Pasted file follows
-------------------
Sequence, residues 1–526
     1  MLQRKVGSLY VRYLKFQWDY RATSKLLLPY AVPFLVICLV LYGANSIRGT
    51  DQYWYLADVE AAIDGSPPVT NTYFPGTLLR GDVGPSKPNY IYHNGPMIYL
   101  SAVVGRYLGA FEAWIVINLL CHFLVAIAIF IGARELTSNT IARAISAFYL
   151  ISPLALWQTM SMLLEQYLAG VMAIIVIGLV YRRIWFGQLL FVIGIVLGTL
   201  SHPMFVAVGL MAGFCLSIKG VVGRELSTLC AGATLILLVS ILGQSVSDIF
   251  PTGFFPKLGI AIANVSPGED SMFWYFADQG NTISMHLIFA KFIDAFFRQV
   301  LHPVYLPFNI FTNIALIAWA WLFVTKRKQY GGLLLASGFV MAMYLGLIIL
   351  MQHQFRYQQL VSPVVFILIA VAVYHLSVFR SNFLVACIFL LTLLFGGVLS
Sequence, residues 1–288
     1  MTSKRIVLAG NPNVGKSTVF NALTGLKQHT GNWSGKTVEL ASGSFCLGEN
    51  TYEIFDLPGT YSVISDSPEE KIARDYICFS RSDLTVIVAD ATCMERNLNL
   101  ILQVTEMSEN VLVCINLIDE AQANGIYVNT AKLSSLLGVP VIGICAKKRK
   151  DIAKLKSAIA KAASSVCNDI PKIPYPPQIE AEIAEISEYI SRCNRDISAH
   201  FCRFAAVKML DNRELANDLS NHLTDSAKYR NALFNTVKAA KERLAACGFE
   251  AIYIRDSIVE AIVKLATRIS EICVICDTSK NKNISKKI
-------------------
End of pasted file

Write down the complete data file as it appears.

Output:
Sequence, residues 1–526
     1  MLQRKVGSLY VRYLKFQWDY RATSKLLLPY AVPFLVICLV LYGANSIRGT
    51  DQYWYLADVE AAIDGSPPVT NTYFPGTLLR GDVGPSKPNY IYHNGPMIYL
   101  SAVVGRYLGA FEAWIVINLL CHFLVAIAIF IGARELTSNT IARAISAFYL
   151  ISPLALWQTM SMLLEQYLAG VMAIIVIGLV YRRIWFGQLL FVIGIVLGTL
   201  SHPMFVAVGL MAGFCLSIKG VVGRELSTLC AGATLILLVS ILGQSVSDIF
   251  PTGFFPKLGI AIANVSPGED SMFWYFADQG NTISMHLIFA KFIDAFFRQV
   301  LHPVYLPFNI FTNIALIAWA WLFVTKRKQY GGLLLASGFV MAMYLGLIIL
   351  MQHQFRYQQL VSPVVFILIA VAVYHLSVFR SNFLVACIFL LTLLFGGVLS
Sequence, residues 1–288
     1  MTSKRIVLAG NPNVGKSTVF NALTGLKQHT GNWSGKTVEL ASGSFCLGEN
    51  TYEIFDLPGT YSVISDSPEE KIARDYICFS RSDLTVIVAD ATCMERNLNL
   101  ILQVTEMSEN VLVCINLIDE AQANGIYVNT AKLSSLLGVP VIGICAKKRK
   151  DIAKLKSAIA KAASSVCNDI PKIPYPPQIE AEIAEISEYI SRCNRDISAH
   201  FCRFAAVKML DNRELANDLS NHLTDSAKYR NALFNTVKAA KERLAACGFE
   251  AIYIRDSIVE AIVKLATRIS EICVICDTSK NKNISKKI